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Anatomy of a Fall explained | Fiction becomes reality

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Reader Interactions


  1. Thank you so much for this. The ball and the dog metaphor is something that I was thinking about too. I stumbled upon this article actually to see whether anywhere the painting at the court has been discussed. I don’t know what painting it is exactly. I couldn’t get the hang of it when I rewatched that scene in the trailer. It did look like a metaphorical reference too. The painting had a character fall and there are other characters – a renaissance painting of sorts.

    • Thanks for reading! Now that Anatomy is streaming, I should look up the painting. It probably is getting at that idea of prosecution.

  2. Question about the film’s legal proceedings, and how accurate they were wrt the French judicial system. As an American I found it shocking that a suspect would be interrogated by police for hours on end without their lawyer being present. I was also taken aback when witnesses in court were asked (even encouraged) by the attorneys to speculate on events that they did not personally see or hear. How is that allowed? It also appeared to me that during the trial there was no presumption of innocence that we Americans take for granted. The vibe I got from the film was that Sandra had to prove she didn’t commit murder, rather than the prosecutor having to prove she did. Your thoughts?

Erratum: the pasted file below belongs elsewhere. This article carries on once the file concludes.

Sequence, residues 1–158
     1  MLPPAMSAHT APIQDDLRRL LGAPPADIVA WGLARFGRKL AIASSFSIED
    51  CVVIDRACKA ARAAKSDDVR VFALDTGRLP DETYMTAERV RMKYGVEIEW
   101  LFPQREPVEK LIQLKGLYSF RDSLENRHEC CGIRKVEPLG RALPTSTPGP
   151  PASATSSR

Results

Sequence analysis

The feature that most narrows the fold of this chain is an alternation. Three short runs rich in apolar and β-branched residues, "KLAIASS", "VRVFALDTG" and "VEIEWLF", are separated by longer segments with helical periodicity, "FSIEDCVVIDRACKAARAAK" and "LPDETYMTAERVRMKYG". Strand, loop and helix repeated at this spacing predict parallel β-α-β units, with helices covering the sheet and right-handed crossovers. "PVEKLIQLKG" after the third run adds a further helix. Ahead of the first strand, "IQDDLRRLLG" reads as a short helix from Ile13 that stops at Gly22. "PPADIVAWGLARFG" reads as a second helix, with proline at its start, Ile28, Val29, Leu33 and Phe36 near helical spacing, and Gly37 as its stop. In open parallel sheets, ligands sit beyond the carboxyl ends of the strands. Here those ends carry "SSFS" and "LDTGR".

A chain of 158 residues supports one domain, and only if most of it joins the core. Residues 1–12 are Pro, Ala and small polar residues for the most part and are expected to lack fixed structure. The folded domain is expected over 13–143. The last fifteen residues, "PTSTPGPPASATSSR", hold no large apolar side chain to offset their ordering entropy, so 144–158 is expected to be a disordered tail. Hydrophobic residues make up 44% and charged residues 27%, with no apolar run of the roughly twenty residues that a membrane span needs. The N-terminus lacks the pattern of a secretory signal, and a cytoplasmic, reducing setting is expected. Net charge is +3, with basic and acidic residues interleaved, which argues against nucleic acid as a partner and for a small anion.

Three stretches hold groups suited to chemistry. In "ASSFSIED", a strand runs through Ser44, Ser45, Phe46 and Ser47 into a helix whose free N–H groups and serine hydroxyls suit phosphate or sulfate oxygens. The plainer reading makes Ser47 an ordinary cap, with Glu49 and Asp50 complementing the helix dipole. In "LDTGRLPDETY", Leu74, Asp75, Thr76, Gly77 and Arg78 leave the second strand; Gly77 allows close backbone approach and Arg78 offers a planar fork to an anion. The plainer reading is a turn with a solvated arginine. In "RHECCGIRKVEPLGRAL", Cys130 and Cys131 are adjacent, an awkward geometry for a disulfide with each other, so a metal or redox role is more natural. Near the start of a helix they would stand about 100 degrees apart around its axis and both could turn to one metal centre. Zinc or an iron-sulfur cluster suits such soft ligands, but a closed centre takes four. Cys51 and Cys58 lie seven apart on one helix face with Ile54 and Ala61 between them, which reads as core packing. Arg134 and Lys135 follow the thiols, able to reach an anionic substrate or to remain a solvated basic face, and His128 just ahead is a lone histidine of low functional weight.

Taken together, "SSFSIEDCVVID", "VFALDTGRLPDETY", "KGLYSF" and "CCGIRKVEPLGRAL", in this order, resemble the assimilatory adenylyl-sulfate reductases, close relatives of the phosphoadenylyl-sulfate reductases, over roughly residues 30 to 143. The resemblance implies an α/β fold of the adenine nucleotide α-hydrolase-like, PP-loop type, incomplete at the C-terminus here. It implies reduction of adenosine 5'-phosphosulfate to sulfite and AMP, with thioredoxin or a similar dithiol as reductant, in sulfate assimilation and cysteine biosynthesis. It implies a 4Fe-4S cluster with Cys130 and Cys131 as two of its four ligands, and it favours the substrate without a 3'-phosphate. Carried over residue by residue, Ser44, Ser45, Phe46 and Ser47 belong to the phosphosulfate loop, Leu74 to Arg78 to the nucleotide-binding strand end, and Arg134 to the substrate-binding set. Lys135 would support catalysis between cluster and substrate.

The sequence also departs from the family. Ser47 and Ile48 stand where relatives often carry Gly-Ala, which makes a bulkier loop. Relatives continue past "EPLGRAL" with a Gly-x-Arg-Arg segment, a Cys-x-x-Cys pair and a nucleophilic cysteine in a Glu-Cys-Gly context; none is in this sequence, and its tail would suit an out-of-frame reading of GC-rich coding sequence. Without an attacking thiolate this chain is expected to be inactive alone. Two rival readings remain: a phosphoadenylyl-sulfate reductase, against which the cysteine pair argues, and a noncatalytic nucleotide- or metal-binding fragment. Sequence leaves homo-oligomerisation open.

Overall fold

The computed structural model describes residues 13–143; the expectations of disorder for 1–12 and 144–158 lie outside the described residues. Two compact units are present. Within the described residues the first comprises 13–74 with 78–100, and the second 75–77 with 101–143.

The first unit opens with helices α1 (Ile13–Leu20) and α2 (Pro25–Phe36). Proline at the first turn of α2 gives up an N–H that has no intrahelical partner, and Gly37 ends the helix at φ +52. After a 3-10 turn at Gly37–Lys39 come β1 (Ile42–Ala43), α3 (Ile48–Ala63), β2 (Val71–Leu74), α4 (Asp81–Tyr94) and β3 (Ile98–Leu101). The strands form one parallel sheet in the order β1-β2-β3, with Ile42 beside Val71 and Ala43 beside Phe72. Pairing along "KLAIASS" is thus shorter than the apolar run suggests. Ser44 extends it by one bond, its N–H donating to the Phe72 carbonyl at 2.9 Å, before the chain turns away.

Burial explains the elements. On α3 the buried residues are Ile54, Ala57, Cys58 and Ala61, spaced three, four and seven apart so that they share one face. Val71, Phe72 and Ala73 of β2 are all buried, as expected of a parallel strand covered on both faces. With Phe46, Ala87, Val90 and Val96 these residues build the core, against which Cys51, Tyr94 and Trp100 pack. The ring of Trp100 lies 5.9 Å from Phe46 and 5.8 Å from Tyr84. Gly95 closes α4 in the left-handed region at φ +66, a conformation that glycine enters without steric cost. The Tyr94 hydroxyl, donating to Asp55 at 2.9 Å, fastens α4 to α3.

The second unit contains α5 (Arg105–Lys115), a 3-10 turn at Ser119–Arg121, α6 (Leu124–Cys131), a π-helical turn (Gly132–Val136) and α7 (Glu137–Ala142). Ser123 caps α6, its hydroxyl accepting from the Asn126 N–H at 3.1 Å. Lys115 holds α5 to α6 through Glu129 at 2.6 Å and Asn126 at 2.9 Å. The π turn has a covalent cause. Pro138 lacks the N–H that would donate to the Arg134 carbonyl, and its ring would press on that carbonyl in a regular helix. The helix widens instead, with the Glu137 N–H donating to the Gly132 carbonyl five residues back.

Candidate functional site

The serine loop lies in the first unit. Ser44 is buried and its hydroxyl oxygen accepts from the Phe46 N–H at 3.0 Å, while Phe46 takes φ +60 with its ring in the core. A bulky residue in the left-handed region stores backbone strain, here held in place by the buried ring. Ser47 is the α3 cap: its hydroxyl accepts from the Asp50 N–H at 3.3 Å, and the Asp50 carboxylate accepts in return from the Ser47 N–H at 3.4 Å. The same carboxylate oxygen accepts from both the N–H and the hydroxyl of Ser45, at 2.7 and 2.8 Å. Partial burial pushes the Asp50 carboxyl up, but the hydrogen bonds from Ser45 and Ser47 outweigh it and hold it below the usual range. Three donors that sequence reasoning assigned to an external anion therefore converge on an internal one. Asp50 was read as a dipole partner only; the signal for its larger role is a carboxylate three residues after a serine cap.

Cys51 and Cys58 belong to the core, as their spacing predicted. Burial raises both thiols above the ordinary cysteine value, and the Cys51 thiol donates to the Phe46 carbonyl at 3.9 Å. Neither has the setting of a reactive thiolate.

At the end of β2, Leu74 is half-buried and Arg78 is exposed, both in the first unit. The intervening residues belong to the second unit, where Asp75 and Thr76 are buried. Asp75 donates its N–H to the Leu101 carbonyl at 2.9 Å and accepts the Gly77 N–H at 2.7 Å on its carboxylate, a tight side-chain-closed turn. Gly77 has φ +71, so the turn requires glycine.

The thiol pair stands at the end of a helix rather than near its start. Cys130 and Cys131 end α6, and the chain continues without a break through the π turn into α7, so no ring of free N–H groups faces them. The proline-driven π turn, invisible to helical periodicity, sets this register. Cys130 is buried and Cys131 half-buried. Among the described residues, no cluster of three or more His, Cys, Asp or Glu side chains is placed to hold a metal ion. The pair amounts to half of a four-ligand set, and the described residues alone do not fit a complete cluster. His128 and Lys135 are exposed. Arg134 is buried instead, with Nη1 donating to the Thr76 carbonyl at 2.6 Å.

3. Why didn’t the defence or prosecution call the vet who treated the sick dog? Surely this would be an obvious tactic to prove or disprove the “dog ate my dad’s suicide attempt vomit” story which was key to the acquittal?

    • They didn’t take the dog to a vet. Instead, Marge searched for treatment guidance on her phone and they fed him salted water until it made the dog vomit. That was a little too “convenient” for me. I don’t think pouring salted water around the teeth of a dog that is essentially unconscious would get the desired effect… but, again, I guess you suspend belief when you need to.

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    To expand on this point: The sense of doubt is, ultimately, what every trial is about. The jury (or judge) must choose between two conflicting presentations of the truth. At some point, they have to choose one or the other. But that doesn’t make the verdict the truth — it is only what the decision maker chose as the truth at that point in time. We can see this in the cases where a conviction is reversed based on newly discovered evidence. Are we certain that the second verdict is now the truth, or is it the truth only because it is the decision that comes later in time?

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